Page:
As a mom of five kids, I’ve had to do a lot of letting go over the years. First, there was the time I let my precious oldest son (the first babies always seem the most breakable, don’t they?) toddle away from me on chubby, halting feet, rather than hovering just above him, my arms extended.Or when I allowed my second, an eager eater, to begin shoveling table food into his own face a month before the development charts said he would probably be ready to self-feed (there wasn’t much I could have done to stop him, anyway).
And on and on. When you think about it, parenting is basically one big long process of letting go: just as we slowly get comfortable with the idea that our kids are really capable of putting on their own shoes or climbing up the jungle gym on their own, they get it into their heads to take on a new challenge and we have to hem and haw and grit our teeth and second-guess ourselves again until they’ve mastered it.
Speaking of rinse and repeat? One of the biggest challenges in letting go has always surrounded my kids’ personal hygiene habits. To a toddler, tooth-brushing feels like a fun experiment. To a six-year-old, it can seem more like an unwelcome interruption to the business of being a kid.
Same thing with fingernail clipping, hair brushing, and showering. At some point, I learned from experience, a growing boy does not want his mother coming into the bathroom to check on his showering technique anymore. You just have to give detailed directions, then take a deep breath and hope that his appearance will start mattering to him enough to inspire him to wash his armpits and take the extra ten seconds to get the suds out of his hair.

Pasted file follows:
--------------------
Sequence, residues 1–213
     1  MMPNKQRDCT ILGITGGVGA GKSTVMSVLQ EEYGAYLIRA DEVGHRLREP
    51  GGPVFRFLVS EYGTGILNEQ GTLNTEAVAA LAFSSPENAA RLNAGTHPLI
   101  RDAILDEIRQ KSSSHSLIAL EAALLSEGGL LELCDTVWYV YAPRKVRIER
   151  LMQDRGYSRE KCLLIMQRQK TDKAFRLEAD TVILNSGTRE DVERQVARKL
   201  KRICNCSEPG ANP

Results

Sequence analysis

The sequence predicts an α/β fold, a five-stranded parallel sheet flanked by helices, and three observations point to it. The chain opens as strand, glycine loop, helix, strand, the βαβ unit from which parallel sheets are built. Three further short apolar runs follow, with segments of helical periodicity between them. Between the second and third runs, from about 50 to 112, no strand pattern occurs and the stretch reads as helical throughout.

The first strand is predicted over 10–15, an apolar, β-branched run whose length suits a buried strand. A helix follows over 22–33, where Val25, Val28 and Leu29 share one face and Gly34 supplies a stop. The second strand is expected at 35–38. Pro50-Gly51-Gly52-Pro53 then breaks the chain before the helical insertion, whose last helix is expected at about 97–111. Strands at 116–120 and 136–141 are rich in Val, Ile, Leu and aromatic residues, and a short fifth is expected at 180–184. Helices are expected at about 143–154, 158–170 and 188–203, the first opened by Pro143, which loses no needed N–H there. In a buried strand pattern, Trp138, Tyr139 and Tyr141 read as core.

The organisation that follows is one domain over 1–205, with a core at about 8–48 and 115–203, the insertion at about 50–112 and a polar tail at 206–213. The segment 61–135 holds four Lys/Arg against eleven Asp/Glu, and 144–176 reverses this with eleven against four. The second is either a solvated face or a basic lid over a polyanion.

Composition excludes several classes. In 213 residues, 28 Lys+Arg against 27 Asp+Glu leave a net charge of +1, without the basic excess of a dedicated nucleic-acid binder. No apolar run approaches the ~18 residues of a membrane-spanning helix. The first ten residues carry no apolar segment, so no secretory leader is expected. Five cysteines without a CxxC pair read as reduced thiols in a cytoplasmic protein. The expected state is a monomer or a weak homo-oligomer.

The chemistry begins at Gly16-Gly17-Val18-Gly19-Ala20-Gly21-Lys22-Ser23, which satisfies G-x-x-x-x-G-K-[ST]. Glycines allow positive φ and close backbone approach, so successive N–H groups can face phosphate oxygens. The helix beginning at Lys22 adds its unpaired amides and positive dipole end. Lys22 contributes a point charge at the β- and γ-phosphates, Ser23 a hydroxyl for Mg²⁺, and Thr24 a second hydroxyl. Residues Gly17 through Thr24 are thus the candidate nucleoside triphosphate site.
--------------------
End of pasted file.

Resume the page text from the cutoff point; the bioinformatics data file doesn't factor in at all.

Of course, there are risks in life — like not smelling so great in school — and then Risks with a capital “R,” and as parents it’s also our job to know when our kids need guidance and when it’s OK to let them try for themselves (and very possibly fail, with a capital “F”).
It’s more art than science, but here’s how I determine when to intervene….and when to let go:
- What’s the risk vs. reward? Allowing my 5-year-old cross the busy street in front of our house by herself? Not happening. The risk is far too great, and the potential consequences serious — for no real reward. But letting her learn to climb the jungle gym is a much less risky way for her to experiment with independence, develop her confidence, and be active and have fun at the same time.
- Is it developmentally appropriate? Letting a one-year-old practice brushing her own teeth is a fun way to get her used to the idea, but won’t do much for her oral health. A seven-year-old is a totally different story! By that age, kids are developing the skills and dexterity needed to take care of their own personal care; products that make it easy, like the Philips Sonicare for Kids toothbrush, can help.
- How can I set my child up to succeed? No, I don’t follow my ten-year-old into the bathroom when he showers anymore, but I do give him careful directions for getting his hair all the way clean and deliver frequent reminders. I also make sure to stock the kids’ bathroom with products that make the job of getting fresh and clean easier, and make sure to allow plenty of time for them to brush their own hair and teeth and get on their own socks, shoes, jackets. When it comes to outdoor play, the bike helmets are in an easy-to-grab spot in the garage, and I give frequent reminders on things like crossing the street safely. That allows me to feel good about letting go a little, a little at a time.
Whether I’m taking the chance that one of my kids might scrape a knee, smell a little funky from time to time, or leave the house wearing mismatched socks, the truth is that life comes with risks and my kids need to learn to manage those for themselves.
My goal? To make it a little easier on myself to deal with the hard job of letting go, while also helping my kids learn to be independent, confident, and self-reliant members of our community….who also happen to have clean hair and teeth!